Celebrity earphone Deathmatch – Monster & Beats

Monster Beats by Dr. Dre
My experience with Monster and Beats by Dre headphones is that they range from mediocre to abysmal. What I don’t understand is how they claim they’re all about getting people to hear the sound they hear in the studio, and then they so dramatically change the equalization of the headphones. In a recent interview in Time Out Hong Kong, Jimmy Iovine is quoted as saying:

It’s all about authentic feel. There’s a feel that happens in the studio, and a sound. The sound is a combination of capturing what actually was mixed in the studio. Most producers mix on similar curves. A lot of studios in the world are all to a similar curve and that produces a certain playback. So the producer mixes to that playback. And these headphones are made to service that — to get the authentic feel out of the music.
I would think most recording studios in the world use a curve called “flat.” That way they know what they’re hearing on the monitors is what’s going onto the disc. The Audio Engineering Society is filled with engineers who write papers and learn about how to achieve a flat and neutral audio response, and then design and build the gear that goes into recording studios. I’ve measured four of the Beats full-size headphones, and a handful of their in-ear models, and they deviate significantly from flat.

I’ll add here that I have no problem with adding a little extra bass to headphones. Because you don’t get the chest cavity compression and bone conduction from strong low notes on headphones that you would on speakers, I think it may be legitimate to dial up the bass a bit to compensate. On the graph below, the Etymotic and Sennheiser plots are quite flat below 1000Hz. The Jerry Harvey Audio JH16 has what I consider reasonable additional bass response with about 5dB of extra bass. But the Monster Turbine Copper has a whopping 12dB of extra energy in the lows, which is way too much. The Beats Solo really doesn’t have any extra bass — it’s got a big hump around 200Hz and a very far from flat response.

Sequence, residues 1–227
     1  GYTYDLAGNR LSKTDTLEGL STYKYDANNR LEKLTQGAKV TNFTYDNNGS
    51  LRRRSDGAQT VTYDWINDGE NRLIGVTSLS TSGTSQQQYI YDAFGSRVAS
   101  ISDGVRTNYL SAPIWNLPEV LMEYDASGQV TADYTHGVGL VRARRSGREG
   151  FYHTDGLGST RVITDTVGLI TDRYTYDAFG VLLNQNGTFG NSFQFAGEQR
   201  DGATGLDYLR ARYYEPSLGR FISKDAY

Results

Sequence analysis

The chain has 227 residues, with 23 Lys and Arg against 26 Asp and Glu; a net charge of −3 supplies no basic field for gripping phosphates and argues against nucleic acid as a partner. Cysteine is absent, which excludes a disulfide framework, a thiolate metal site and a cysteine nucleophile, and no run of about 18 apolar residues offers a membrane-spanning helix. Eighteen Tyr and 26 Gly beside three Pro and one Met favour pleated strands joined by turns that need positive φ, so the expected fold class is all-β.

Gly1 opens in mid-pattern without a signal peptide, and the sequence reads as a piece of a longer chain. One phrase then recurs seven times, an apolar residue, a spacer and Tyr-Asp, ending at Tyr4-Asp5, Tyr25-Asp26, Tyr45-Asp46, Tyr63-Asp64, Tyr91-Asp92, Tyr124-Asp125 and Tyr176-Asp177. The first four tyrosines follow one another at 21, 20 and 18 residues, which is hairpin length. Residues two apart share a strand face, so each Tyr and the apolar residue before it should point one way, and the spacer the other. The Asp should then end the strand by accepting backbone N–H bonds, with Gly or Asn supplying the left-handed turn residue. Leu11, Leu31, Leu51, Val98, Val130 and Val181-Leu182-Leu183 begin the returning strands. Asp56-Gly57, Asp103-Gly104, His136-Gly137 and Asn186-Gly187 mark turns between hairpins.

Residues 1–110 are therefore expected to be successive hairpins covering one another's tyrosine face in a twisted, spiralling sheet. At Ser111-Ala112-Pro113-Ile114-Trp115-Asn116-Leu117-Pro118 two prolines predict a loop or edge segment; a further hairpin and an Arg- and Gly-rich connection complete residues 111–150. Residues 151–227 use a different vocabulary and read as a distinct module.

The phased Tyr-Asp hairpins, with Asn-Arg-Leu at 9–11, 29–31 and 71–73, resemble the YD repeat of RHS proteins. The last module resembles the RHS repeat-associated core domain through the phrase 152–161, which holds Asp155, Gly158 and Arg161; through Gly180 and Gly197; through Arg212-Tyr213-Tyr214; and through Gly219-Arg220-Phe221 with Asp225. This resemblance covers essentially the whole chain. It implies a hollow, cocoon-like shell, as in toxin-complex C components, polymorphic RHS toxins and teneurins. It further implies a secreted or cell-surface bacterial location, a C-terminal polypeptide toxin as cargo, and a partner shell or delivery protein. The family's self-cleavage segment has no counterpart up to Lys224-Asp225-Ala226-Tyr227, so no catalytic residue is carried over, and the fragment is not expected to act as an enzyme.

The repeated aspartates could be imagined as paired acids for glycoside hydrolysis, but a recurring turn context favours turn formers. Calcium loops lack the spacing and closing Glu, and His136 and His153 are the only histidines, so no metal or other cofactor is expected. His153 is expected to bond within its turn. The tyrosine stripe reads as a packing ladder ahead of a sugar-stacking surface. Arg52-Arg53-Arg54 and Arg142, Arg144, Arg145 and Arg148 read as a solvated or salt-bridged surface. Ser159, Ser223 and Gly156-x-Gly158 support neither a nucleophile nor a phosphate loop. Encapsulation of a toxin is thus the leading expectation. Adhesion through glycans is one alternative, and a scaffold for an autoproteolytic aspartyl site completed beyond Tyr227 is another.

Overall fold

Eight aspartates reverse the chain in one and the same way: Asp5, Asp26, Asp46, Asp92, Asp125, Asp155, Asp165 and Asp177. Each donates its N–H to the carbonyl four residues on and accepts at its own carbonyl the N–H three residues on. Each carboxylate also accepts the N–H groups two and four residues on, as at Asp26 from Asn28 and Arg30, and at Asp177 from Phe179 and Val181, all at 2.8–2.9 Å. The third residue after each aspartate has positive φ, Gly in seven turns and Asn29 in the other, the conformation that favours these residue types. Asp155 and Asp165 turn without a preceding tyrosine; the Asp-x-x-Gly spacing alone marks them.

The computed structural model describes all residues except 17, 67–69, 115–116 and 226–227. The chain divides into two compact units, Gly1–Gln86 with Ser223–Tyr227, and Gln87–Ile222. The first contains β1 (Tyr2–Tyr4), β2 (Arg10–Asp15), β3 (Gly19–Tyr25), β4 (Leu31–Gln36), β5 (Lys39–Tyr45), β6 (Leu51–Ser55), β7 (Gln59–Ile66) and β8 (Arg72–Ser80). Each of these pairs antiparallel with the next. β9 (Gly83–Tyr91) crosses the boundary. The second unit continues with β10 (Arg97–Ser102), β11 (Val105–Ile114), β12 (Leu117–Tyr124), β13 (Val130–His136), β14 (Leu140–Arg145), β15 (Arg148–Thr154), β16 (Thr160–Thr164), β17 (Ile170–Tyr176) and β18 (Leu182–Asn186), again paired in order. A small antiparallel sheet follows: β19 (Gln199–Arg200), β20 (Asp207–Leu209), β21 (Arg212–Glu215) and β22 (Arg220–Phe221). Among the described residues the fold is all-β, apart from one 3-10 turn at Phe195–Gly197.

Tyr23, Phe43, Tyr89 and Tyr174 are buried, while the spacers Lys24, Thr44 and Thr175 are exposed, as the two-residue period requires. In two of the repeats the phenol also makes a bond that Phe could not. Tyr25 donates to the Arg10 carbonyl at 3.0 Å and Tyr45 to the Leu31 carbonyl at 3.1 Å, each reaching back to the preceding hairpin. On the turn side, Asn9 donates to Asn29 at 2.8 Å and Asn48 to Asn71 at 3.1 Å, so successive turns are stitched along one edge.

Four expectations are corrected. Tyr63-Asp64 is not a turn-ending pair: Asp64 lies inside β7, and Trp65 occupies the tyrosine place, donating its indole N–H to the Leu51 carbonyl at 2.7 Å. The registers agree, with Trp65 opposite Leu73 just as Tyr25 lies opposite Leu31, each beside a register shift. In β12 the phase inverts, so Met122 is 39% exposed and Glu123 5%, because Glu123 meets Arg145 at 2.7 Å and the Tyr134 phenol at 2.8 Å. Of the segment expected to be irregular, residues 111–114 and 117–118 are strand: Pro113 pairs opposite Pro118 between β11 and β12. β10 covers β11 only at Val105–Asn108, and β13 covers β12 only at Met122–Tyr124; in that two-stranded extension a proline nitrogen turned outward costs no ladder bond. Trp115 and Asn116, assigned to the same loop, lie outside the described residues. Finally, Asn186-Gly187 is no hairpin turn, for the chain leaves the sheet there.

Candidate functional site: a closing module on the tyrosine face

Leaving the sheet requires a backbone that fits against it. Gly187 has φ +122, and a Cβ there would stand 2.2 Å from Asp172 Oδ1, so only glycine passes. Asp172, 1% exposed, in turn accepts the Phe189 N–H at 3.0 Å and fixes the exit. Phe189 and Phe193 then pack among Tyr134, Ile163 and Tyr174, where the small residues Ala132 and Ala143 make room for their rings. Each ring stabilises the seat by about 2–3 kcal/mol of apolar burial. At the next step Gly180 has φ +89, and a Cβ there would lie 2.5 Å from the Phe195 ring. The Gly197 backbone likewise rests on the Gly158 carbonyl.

Another thing I keep hearing from the Beats team is that the iPod earbuds have ruined people’s opportunity to hear good music. Again from the Time Out Hong Kong article:

Now, you can’t get that [authentic] feel out of a $1 headphone. So when you buy a $400 mp3 player and $1 headphones, it gets clogged. So, I don’t care where you are. I don’t care if you’re on the moon. You want the feel of the record to be authentic. And we’ve lost it — almost two generations — to bad sounds. Because everyone thought the iPod must have had a good headphone when it didn’t. People said: “Oh I have to have the white headphone.” Well, that white headphone didn’t sound great. The mp3 player sounded great but the headphone is there to see if the thing works. Then you go and get a pair of decent headphones. Yes, everyone in the world, you want good-feeling headphones. Beats is good for anyone.
Recently I measured a couple of current iPod earbuds. I’ll note here that I do think they have improved over time, but I think it would be educational to compare an iPod earbud to the very commonly purchased Beats Solo.

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